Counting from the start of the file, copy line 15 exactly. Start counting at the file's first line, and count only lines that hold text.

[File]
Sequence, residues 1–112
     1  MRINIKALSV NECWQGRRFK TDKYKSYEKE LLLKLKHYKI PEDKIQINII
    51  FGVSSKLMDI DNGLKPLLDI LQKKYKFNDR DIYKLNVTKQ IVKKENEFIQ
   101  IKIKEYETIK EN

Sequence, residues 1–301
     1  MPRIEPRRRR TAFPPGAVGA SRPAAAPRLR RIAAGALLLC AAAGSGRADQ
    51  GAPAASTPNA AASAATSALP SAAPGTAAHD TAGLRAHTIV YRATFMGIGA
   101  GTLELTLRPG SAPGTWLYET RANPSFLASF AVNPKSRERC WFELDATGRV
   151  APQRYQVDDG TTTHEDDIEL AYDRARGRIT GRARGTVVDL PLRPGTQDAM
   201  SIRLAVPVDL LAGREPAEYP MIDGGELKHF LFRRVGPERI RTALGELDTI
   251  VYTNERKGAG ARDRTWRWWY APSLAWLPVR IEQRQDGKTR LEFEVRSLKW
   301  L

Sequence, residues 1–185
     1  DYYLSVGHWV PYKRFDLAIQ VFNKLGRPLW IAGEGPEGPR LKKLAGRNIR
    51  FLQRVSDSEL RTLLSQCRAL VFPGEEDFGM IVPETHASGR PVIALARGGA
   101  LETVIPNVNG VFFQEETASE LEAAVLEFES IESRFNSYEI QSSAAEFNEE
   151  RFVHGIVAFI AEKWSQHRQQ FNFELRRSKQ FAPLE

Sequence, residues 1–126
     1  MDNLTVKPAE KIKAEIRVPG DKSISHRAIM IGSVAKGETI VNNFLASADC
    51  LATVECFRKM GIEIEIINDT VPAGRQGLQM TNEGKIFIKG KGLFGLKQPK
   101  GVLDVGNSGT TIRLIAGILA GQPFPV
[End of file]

    51  FLQRVSDSEL RTLLSQCRAL VFPGEEDFGM IVPETHASGR PVIALARGGA